offers any special benefits.”
Loss of leg strength and walking speed can be indicators of frailty — a decline in the body’s strength and functioning that puts older adults at increased risk of disability, falls and hospitalization.
The trials in the review did not, however, specifically measure frailty as an outcome, Loewenthal notes. So it’s not clear whether yoga can help prevent or manage frailty, per se.
Dr. Neil Alexander is a geriatrics specialist at the University of Michigan and director of the VA Ann Arbor Geriatric Research Education and Clinical Center.
He says the review was “well done,” but the trial data leave too many unknowns to draw conclusions. One big missing piece, according to Alexander, is what, exactly, yoga practitioners did to boost their leg strength and gait speed.
“You don’t know what they worked on,” he says.
Alexander notes that at this point, tai chi is much better studied than yoga, and has been shown to help older adults reduce their risk of falls. (Tai chi focuses on slow, fluid movement combined with mental imagery and deep breathing.)
There’s still a need for comparable research into yoga, Alexander shares.
That does not mean, however, that seniors should stay away from yoga until then. Alexander, who practices Iyengar yoga himself, agrees that a class in that style can be a good starting point.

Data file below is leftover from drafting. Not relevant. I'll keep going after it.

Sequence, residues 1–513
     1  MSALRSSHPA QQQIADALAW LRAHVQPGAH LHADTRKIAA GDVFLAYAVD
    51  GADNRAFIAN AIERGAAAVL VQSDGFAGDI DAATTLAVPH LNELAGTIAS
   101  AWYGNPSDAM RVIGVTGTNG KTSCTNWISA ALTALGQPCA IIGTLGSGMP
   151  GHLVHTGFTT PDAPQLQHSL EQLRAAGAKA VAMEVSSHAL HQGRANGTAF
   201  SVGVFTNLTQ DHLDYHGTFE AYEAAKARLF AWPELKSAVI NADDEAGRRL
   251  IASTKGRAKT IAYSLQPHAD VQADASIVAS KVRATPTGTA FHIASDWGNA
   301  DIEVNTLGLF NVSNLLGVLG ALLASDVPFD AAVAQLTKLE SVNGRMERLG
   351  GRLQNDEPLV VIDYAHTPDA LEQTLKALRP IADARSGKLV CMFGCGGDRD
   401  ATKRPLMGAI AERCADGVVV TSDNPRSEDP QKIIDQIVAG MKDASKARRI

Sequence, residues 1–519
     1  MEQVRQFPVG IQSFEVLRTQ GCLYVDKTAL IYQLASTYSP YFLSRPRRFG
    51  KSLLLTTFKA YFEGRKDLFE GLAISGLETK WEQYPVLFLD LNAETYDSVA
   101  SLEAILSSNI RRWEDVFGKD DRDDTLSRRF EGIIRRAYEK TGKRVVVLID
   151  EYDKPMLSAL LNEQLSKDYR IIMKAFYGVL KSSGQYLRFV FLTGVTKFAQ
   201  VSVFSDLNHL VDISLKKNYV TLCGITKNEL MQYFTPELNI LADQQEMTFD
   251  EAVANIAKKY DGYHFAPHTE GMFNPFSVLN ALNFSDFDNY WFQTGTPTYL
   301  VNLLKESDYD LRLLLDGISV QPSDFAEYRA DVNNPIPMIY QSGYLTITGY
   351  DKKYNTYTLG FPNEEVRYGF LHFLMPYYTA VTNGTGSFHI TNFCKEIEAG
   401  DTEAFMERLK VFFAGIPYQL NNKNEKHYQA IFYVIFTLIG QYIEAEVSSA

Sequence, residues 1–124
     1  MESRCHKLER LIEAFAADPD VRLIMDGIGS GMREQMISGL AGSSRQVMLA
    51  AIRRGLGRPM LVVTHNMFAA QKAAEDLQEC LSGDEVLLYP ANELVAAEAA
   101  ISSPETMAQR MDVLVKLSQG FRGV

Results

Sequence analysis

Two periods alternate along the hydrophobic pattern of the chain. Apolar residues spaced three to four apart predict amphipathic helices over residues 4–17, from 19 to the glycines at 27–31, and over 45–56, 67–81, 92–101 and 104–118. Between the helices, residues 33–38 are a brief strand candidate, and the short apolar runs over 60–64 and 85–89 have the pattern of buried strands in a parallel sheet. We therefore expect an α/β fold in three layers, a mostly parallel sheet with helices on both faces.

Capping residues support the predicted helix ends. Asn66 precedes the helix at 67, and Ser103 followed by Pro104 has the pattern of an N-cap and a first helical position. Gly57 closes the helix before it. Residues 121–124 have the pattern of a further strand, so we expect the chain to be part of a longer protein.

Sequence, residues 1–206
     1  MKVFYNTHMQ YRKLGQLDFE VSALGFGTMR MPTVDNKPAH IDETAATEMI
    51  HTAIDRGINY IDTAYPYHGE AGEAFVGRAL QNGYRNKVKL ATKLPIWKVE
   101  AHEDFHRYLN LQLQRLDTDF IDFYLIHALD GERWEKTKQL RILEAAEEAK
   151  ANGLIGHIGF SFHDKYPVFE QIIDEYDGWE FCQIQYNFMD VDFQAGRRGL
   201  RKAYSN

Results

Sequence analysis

What is the best type of yoga for seniors?
For seniors looking to start a yoga practice, Loewenthal says that an Iyengar-based class could be a good fit: That style of yoga focuses on good form in the poses, can be adapted to individuals, and uses props — like blocks, chairs and other supports — to help people achieve the postures.
Loewenthal also recommends talking to your doctor before taking up yoga if you have chronic medical conditions.
“You need an adaptable style of yoga,” Alexander says. “You don’t want a ‘flow-based’ yoga where you’re moving in and out poses.”
And while you can easily find a yoga class on YouTube, Alexander stresses the importance of beginners having in-person instruction, where they can get individual attention.
“I tell people you need to start with a class,” he says.
That does bring up an obstacle of cost, Loewenthal adds. Yoga classes are not covered by insurance, and can be pricey.
She recommends looking into places other than conventional yoga studios — like your local senior center, hospitals or YMCA. They might offer classes that are both designed for older adults and low-cost or even free.